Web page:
Our most valuable resource is the people who understand these sectors. The challenge of recruiting experienced industry veterans, to the task of developing the next generation of workers, is a complex one.

Pioneering training providers understand that engaging employers, and building reciprocal relationships with them, is essential to creating sustainable pathways into industry jobs and successful careers (then back again, teaching others the skills to do the same). Hawk Training (a Chartered Institution for Further Education member based in London), works in strategic partnership with employers to create tailored support packages which meet their strategy, skills and staffing needs.

They support businesses with apprentice recruitment, upskilling existing talent, managing the levy, and in-house training in a reciprocally rewarding network which includes a wide range of employers and the CMI. It is this kind of visionary approach that will transform the sector and recruit the calibre of tutors and support staff our learners deserve.  

By leading the change

The immediate, and long-term, effects of Brexit present significant challenges for leaders of the FE community but, as the examples mentioned demonstrate, we are equipped and positioned to succeed. In seizing this opportunity for growth, FE leaders and employers can work together to build a sustainable system that the rest of Europe will look up to.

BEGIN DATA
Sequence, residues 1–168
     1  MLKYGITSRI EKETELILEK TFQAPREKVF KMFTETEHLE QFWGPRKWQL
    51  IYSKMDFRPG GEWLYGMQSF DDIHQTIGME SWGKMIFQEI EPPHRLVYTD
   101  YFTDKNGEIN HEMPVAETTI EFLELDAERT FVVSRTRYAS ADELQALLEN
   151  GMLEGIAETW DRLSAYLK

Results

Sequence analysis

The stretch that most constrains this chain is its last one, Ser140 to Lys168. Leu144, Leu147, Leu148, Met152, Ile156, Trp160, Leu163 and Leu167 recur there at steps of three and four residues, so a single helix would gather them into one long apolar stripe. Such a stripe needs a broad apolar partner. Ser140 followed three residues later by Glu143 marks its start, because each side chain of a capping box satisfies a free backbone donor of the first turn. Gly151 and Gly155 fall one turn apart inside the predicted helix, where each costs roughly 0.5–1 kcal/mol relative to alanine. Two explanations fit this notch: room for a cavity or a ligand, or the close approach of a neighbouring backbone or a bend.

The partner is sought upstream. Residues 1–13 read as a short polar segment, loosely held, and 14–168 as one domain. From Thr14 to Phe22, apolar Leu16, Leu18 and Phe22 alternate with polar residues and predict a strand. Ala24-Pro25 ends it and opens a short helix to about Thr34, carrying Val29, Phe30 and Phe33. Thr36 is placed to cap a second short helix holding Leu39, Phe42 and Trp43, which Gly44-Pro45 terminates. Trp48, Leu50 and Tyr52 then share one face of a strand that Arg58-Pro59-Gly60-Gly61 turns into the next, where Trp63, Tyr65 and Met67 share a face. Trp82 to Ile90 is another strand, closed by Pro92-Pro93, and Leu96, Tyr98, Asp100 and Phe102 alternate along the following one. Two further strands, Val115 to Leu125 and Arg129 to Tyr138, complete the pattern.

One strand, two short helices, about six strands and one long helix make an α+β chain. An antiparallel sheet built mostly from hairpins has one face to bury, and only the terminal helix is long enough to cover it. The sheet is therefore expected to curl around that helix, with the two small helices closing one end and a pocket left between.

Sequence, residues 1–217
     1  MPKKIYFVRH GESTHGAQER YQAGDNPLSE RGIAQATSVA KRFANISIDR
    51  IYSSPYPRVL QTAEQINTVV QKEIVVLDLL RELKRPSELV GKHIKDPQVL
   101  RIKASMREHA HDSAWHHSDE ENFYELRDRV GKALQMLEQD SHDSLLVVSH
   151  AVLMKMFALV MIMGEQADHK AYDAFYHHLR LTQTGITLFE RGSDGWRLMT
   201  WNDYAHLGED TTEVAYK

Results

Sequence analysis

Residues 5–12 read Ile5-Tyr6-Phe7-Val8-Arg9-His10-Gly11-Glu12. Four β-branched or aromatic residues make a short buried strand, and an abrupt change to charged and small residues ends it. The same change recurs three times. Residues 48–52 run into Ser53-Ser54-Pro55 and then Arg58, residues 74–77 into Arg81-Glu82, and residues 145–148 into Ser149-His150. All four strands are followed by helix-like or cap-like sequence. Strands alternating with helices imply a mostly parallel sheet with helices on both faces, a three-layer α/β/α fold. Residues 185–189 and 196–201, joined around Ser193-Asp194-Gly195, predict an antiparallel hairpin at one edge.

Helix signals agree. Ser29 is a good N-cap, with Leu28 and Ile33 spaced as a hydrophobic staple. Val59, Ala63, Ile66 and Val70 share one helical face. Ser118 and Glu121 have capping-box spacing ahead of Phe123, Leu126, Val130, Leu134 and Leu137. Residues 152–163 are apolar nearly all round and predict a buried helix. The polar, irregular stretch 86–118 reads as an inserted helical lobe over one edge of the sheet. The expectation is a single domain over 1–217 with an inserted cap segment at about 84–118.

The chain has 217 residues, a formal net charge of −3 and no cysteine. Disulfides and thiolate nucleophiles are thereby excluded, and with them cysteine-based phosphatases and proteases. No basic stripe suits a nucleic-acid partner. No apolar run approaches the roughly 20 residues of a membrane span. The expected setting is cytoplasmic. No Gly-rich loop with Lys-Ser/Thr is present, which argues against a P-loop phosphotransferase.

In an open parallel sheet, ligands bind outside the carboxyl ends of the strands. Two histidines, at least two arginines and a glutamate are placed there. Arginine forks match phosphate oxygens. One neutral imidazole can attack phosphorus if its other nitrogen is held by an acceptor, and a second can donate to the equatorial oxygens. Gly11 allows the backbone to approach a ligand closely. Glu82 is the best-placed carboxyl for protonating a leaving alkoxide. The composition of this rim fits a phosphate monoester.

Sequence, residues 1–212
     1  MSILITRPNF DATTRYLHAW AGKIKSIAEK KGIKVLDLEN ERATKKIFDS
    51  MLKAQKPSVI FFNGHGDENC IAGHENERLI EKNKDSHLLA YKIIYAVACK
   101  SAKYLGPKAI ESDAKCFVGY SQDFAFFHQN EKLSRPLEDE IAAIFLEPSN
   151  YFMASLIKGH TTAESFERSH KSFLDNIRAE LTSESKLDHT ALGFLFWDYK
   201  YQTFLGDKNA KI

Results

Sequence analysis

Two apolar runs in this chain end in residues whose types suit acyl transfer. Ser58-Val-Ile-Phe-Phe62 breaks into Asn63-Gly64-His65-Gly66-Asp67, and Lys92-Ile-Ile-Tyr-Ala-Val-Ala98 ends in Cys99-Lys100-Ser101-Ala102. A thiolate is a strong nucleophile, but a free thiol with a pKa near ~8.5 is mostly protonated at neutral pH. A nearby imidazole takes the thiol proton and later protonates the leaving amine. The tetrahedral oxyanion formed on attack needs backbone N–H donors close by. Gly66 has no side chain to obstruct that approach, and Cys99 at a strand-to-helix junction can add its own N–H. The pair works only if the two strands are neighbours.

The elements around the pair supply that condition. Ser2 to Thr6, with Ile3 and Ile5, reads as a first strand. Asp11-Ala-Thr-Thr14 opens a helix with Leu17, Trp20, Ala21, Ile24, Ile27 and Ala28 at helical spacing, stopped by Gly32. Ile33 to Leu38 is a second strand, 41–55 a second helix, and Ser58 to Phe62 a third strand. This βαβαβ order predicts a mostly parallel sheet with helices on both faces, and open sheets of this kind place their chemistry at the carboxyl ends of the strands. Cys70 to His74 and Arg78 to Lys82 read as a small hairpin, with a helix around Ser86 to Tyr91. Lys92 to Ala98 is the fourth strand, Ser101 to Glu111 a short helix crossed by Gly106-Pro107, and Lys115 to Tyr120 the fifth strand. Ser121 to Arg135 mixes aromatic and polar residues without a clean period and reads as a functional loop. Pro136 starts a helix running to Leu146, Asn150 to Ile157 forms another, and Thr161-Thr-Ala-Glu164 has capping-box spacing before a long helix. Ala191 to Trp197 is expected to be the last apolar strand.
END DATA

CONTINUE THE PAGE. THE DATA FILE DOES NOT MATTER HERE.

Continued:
An influx of skilled, empowered and ambitious workers will not only boost our economy but could also redress the imbalances of opportunity which led to the extreme levels of disenfranchisement we witnessed during the referendum.

Colleges and providers of FE, with the support of this Institution and others, will lead a systematic change in Britain’s education system; working with employers to develop excellent practice in the sectors which need it most. We will continue to innovate from within, learning from each other’s success and harnessing our collective agency to lead the change that is coming.   

This is an important moment for further education; we are ready. 

Dan Wright, CEO of The Chartered Institution for Further Education

First published here.